Diane Ravitch is an author and public education historian turned education activist. Recently, she was in Charleston speaking at the Red For Ed Celebration on the second anniversary of the West Virginia teacher’s strike. She spoke with Eric Douglas about the teacher’s movement and her book, “Slaying Goliath: The Passionate Resistance to Privatization and the Fight to Save America’s Public Schools.” The book details the massive private funding in the educational reform movement that began in the George W. Bush era and the teacher’s movements that have spread across the country in its wake.
***Editor's Note: The following has been lightly edited for clarity.
Douglas: Explain what makes you an expert in education and education reform.
Ravitch: I have a doctorate in the history of education, American education specifically. I began my career by writing the history of the New York City public schools, because that's where I was living. And since then, I've written about a dozen books. In 1991, I went to work as Assistant Secretary of Education for the first President Bush for two years and stayed on a year at a think tank. And then I became very involved in conservative think tanks. I was an advocate for testing and for choice and for all of those things.
Then about 2008 or 2009, I became disillusioned with the things that I had been in support of. And I wrote a book renouncing high stakes testing, renouncing choice, and saying that we needed to support our public schools. It was called “The Death and Life of the Great American School System: How Testing and Choice are Undermining Education.” I have written other books and spoken all over the country about the importance of public education and the importance of making it far better than it is today.
Douglas: In your book, you talk about the difference between reformers and disruptors. Can you explain that?
Ravitch: The people who now call themselves reformers are actually funded by billionaires. They're funded by the [Jim, Rob and Alice, children of Sam, founder of the Walmart chain] Walton family, by the [Betsy, US Secretary of Education] DeVos family. I have a whole chapter listing all the billionaires who are funding this so-called reform movement. They're really not interested in reform. What they're interested in is privatizing public education so that your local public school will be run by an entrepreneur or corporation or by religious organization and not by the community. And I think this is a disaster. I try to show in the book that none of the things that they have tried have worked. And it's time for them to start doing some things to actually help children and families and communities rather than putting all of their money into destroying public education.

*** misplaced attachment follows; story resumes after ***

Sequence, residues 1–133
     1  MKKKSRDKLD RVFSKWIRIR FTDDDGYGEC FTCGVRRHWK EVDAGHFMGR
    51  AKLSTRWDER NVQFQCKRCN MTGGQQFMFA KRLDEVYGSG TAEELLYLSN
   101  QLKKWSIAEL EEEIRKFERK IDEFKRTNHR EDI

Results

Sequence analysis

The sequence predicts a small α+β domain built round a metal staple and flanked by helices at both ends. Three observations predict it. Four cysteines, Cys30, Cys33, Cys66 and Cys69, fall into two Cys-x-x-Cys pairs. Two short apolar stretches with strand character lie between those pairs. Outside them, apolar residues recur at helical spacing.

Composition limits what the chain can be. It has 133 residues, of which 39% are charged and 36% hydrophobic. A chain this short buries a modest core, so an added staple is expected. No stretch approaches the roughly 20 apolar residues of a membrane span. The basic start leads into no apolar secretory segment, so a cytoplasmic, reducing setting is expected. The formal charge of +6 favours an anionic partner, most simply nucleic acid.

Douglas: You started out in conservative think tanks and working for a Republican president. You make the point, though, that both parties are to blame. This isn't a Republican versus Democrat sort of thing.
Ravitch: President George H.W. Bush supported choice. He didn't get anywhere with it. He supported testing. He didn't get anywhere. And then President George W. Bush promoted something called No Child Left Behind, which required every school in America to test every child every year. The reason for it was he said there had been a Texas miracle. And 20 years later, we know there was no Texas miracle but we're continuing to do what he recommended.
Then President Obama came along and adopted the George W. Bush plan of No Child Left Behind. And he added something to it called Race to the Top, which was even worse than No Child Left Behind because it was very punitive.
I spent seven years on the national testing board and I became a very strong critic of standardized testing. I don't think it's helping our children. I think that the more we test, the less kids learn, because there's less time given to instruction. So we have a problem that we have both parties aligned with a very destructive agenda and both Obama and Bush and now Trump have supported charter schools and Trump in particular supports vouchers which has actually been a disaster because wherever vouchers had been enacted, kids are going to schools with uncertified teachers. In Florida they're taught by high school dropouts. And it's taking billions of dollars away from public schools. So we're destroying our public schools in pursuit of something that's worse than our public schools.
Douglas: I want to talk just a little bit more about testing about why testing is a problem. What's the biggest issue with standardized testing?
Ravitch: The biggest issue with standardized testing is that first of all, it doesn't make kids smarter. The more you test them, they don't get smarter. And we've been testing kids now for 20 years, every child, every year; grades three through eight. That's what George W. Bush's No Child Left Behind decreed. And that's still federal law.